An issue that has been pre-occupying those in the non-profit sector in Canada are the now substantiated and discouraging allegations of racism and racist incidents, that have occurred amongst the Association of Fundraising Professionals (AFP), GTA. There has been incredible work done by many colleagues, especialy black colleagues, who have been the subject of these experiences, and who have done a huge service to the community here in Canada, by taking leadership on these issues. Mide Akerewusi is someone who comes to mind in this respect, and who has agreed to take on the role of the chair of the Association of Fundraising Professionals, Toronto Chapter. Under Mide’s leadership, there have already been a number of steps made towards apologies, downgrading the chapter status, and beginning to re-engage with the sector with a very strong anti-racist lens.
Relatedly, a report recently came out from Imagine Canada, that is based on a survey that involved 1,500 non-profit leaders across Canada, that dug deep into organizational commitments to equity, diversity and inclusion, and the extent to which changes have been made in the sector. A key finding of the report is that the degree of deep commitment and transformation taking place in organizations is much greater in organizations that are led by people of color or by other people who face some kind of marginalization or under-representation, as compared to white-led organizations, who are often the slowest to move on these issues and have made the least progress in terms of deep changes.
The report highlights that while non-profit leaders generally support equity, diversity, and inclusion, far fewer pursue it with deep intentionality, and that the success of leadership and management structures, such as equity working groups, are often dependent on where these groups are positioned and who they’re accountable to. Those that involve senior leadership and senior managers, that have really made a commitment at the organizational level, are the ones who’ve seen the most transformation.
Another important issue that is highlighted in the report is that funders themselves have a key role to play in advancing equity, diversity, and inclusion, by specifically supporting and funding black, indigenous and other racialized led organizations, as well as other organizations committed to advancing diversity, equity, and inclusion.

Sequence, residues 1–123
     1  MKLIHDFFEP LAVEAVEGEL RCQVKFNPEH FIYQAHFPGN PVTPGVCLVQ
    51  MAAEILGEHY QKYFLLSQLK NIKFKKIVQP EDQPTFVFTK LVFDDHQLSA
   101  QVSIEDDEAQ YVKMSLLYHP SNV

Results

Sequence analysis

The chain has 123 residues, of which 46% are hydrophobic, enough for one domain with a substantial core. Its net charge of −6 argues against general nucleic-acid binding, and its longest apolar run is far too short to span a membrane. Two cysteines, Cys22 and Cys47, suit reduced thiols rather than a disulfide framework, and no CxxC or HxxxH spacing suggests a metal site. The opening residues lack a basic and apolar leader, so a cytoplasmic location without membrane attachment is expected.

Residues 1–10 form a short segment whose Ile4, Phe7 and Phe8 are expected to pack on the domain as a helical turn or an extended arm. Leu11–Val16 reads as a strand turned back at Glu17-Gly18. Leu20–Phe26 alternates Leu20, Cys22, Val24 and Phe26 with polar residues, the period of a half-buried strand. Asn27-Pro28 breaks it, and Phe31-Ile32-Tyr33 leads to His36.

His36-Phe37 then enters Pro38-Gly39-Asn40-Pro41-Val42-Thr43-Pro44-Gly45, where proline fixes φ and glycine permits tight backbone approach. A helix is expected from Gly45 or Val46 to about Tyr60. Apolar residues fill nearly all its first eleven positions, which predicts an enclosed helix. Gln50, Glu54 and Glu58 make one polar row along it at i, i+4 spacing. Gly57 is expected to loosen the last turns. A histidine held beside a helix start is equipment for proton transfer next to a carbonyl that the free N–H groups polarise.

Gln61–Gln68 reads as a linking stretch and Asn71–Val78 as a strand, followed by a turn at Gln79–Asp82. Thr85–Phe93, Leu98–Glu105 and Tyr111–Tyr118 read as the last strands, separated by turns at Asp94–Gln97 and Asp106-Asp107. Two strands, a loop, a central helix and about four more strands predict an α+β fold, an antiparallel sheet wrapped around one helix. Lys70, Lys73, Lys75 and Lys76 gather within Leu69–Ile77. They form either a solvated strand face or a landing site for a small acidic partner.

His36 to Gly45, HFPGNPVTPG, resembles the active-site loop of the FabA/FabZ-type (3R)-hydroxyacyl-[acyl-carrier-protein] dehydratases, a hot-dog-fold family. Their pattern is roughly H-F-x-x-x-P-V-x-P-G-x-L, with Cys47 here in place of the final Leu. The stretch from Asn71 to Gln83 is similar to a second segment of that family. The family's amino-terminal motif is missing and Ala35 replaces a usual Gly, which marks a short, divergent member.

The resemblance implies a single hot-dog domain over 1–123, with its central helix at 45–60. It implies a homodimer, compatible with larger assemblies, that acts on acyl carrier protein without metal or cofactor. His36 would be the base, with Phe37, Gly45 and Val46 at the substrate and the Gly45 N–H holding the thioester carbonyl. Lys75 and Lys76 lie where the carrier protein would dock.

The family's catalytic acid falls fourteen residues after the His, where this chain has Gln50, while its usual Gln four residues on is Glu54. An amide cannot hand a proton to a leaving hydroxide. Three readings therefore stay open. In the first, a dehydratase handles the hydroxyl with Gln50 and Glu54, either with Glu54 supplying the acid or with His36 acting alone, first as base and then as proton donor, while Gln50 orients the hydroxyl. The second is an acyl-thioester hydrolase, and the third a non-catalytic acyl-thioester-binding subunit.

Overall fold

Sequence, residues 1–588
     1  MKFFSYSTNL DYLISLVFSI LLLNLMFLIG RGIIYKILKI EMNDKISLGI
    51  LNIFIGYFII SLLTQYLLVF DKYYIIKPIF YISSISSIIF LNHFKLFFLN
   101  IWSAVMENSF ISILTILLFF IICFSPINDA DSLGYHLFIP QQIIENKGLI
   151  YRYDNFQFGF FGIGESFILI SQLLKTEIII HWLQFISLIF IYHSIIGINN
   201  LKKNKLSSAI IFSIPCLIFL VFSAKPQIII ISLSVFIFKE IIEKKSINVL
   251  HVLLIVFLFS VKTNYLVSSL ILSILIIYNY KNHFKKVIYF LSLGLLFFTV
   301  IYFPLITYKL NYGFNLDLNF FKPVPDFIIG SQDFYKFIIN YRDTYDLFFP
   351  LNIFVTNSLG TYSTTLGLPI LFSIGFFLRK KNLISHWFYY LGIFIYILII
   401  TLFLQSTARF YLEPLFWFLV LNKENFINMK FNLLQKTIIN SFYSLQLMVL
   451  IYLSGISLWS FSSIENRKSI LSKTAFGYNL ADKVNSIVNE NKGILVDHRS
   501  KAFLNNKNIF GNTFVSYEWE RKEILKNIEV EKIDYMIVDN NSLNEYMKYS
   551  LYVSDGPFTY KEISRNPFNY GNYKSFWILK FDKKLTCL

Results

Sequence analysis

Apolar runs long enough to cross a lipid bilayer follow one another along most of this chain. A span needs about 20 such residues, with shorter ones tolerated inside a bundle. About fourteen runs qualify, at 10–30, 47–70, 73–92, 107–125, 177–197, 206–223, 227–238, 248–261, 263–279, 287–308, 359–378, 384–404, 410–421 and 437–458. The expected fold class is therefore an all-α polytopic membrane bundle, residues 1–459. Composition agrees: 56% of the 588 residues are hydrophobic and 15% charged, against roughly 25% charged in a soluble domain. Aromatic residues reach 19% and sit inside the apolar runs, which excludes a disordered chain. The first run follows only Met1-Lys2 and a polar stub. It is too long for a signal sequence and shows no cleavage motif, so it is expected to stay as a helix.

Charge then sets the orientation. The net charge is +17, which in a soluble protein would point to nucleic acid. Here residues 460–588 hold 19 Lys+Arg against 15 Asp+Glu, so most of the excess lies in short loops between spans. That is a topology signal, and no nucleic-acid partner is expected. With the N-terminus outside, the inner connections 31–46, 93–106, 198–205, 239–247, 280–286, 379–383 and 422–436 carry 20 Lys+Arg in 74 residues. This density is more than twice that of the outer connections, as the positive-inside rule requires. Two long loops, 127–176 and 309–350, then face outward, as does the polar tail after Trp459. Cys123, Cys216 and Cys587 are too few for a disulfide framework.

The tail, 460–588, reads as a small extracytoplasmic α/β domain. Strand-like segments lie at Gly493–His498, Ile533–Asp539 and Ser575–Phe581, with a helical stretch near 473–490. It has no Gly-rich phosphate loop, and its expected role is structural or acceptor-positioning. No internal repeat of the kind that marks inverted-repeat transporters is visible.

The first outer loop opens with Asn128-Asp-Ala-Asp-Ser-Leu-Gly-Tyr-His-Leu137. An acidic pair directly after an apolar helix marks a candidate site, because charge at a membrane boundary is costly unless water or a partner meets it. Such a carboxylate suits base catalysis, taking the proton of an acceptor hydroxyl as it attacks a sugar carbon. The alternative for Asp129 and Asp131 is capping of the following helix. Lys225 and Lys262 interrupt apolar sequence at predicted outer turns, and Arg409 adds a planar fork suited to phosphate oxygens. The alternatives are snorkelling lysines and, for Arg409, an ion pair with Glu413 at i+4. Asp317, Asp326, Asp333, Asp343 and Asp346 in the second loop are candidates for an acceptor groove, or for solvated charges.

Reflecting on her years working in the federal service, Jesse reflects on the kind of transformation seen in the sector when the government of Canada announced the Feminist International Assistance Policy, which was a really transformational moment for the international cooperation sector, in terms of taking issues of gender equality and underrepresentation seriously.
This highlights a really important lesson for this moment in Canada, vis-a-vis reconciliation, anti-racism, and anti-black racism particularly. There is a real opportunity for the government to take more leadership and action in ensuring that organizations that work with them meet certain standards. That if the government is going to be funding organizations, these organizations reflect key equity and diversity standards, and that funding is targeted to building the capacity of the sector in those areas.
As a firm, JN Clarke Consulting has been doing a lot of reflection on DEI, and are very committed to following a strong framework for our own work in this area, cross cutting these considerations strongly in our ‘Building Equity” training series for example, in the context of fundraising.
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